• 9. 3. Why engage the private sector?  Broad Rationale::  A ‘whole sector approach’ is more effective and efficient  Promote local ownership and leadership  Enhance relevance and alignment in programs  Mobilize local resources and capacities to fill in funding and capacity gaps  Public health case  Business case
  • 10. Business Case for Health PPPs  Attracts private capital investment and managerial expertise (often to either supplement public resources or release them for other public needs)  Realizes long-term value-for-money through appropriate risk transfer to the private sector over the life of the PPP  Rationalizes the use of existing health resources and infrastructure – public and private alike –effectiveness and efficiency  Reforms sectors through a reallocation of roles, incentives, and accountability
  • 11. Public Health Case for Health PPPs  Improves access to key health services and products  Leverages private sector resources – expertise and infrastructure – to health  Introduces innovations and new technologies into the health sector  Increase efficiencies in service delivery  Promotes greater equity and helps ensure universal coverage of health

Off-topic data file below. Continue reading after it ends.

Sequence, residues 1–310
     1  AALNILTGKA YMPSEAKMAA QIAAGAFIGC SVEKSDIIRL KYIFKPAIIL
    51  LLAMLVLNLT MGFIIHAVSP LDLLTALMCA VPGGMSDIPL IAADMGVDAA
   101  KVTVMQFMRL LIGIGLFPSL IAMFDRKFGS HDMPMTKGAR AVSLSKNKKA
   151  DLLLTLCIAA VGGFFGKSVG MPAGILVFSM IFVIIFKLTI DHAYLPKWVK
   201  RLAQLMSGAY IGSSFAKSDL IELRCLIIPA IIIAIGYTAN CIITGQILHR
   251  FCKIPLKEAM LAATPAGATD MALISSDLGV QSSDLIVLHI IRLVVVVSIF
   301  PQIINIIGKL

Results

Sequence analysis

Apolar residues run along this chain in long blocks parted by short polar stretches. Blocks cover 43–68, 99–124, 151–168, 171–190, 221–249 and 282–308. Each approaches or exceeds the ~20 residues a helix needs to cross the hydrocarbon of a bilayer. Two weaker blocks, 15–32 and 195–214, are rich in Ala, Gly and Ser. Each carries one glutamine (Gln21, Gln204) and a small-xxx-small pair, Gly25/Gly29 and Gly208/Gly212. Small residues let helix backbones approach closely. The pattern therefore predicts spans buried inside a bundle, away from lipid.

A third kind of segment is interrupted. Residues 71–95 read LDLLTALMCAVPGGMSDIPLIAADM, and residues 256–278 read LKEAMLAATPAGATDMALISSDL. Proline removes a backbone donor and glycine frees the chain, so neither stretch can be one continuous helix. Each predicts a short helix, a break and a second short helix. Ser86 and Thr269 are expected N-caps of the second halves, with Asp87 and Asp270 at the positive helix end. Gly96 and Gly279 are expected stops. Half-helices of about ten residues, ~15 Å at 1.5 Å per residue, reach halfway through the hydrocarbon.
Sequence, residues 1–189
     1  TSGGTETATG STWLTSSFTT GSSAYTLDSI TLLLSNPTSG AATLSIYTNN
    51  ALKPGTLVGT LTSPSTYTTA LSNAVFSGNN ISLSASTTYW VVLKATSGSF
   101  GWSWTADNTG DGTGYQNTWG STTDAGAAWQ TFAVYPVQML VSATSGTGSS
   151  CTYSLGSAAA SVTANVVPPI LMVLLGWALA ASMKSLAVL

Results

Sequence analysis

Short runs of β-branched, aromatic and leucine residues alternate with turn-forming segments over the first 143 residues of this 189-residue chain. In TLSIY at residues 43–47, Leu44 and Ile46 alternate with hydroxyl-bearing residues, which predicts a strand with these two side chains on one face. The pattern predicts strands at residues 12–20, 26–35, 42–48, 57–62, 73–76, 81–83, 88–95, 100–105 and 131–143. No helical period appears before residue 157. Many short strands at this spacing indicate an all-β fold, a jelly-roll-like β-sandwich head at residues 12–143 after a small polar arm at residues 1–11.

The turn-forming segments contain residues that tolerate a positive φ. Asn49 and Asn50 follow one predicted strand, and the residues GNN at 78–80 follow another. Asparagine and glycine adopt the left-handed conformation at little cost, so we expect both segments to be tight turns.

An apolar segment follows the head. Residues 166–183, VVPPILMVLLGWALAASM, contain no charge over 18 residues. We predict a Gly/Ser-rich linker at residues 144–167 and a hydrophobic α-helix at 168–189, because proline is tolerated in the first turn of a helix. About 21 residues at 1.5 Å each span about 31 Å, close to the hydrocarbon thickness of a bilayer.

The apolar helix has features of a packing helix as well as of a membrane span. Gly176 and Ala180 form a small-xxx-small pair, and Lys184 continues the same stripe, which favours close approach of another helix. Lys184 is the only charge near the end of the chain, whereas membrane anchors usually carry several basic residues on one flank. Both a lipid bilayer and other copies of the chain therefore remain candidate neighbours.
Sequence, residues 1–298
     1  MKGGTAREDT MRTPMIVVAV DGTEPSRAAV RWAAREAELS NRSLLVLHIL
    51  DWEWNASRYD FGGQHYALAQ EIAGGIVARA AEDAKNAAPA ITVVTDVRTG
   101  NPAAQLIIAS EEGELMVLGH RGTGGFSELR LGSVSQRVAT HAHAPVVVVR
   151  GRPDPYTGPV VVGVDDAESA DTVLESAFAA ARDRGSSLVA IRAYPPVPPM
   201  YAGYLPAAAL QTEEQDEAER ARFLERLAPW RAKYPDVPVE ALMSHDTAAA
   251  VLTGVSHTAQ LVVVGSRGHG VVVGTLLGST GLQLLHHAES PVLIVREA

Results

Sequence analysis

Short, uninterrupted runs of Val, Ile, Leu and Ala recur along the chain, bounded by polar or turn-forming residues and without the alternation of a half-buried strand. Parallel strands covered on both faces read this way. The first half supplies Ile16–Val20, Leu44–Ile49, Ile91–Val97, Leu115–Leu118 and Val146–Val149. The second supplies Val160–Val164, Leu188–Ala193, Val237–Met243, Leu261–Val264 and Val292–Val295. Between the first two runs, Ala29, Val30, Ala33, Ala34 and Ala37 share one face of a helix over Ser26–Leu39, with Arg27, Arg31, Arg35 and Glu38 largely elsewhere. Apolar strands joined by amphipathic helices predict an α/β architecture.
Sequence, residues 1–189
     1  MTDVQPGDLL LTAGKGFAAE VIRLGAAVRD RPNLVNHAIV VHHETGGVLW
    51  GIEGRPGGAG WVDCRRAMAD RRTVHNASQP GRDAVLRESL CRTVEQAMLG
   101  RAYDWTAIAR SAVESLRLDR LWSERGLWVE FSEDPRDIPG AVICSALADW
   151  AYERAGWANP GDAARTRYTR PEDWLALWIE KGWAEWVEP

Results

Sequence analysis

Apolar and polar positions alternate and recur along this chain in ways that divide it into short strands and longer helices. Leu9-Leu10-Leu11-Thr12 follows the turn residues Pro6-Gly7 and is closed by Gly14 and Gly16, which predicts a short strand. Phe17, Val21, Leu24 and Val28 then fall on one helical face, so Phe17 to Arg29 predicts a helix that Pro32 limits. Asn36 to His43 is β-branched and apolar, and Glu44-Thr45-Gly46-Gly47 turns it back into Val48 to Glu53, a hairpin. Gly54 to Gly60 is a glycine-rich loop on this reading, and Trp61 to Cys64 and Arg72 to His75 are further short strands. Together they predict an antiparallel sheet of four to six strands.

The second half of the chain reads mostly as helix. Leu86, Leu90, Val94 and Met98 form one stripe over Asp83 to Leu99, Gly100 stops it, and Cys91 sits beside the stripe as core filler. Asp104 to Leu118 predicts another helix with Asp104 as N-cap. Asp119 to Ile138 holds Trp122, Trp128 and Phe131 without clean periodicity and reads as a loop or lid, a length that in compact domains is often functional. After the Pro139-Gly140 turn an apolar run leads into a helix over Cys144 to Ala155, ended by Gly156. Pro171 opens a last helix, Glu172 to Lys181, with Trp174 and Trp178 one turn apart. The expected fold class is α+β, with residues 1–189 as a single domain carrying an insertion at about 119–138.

• 12. Risks of Health PPPs  Requires new and different capacity to ensure “value for money”  If not structured well, can pass the cost of H/PPP to consumers  Requires political and financial stability and support to implement PPP/H  Government still has responsibility for ensuring access and quality of services and products  Difficult to plan for all contingencies that may arise over the life of a PPP/H
  • 13. 4. What is PPP? Different Levels of Engagement with the Private Sector Engagement & dialogue between the public and the private sectors to share ideas and concerns, to build trust, common vision Public and private sector working together to reform policies and collaborate on health priorities Public and private sectors partnering to deliver health services and products and/or address health system gaps P1 Public private dialogue P2 Public private interaction P3 Public private partnership
  • 14. Different Concepts for Health PPPs by “Tribe” Gov’t establishes an on-going relationship to work with private sector on health sector issues of common interest Gov’t establishes long-term contract for services (may include use of public assets) Gov’t incentivizes private actors to invest capital in delivery of health services and products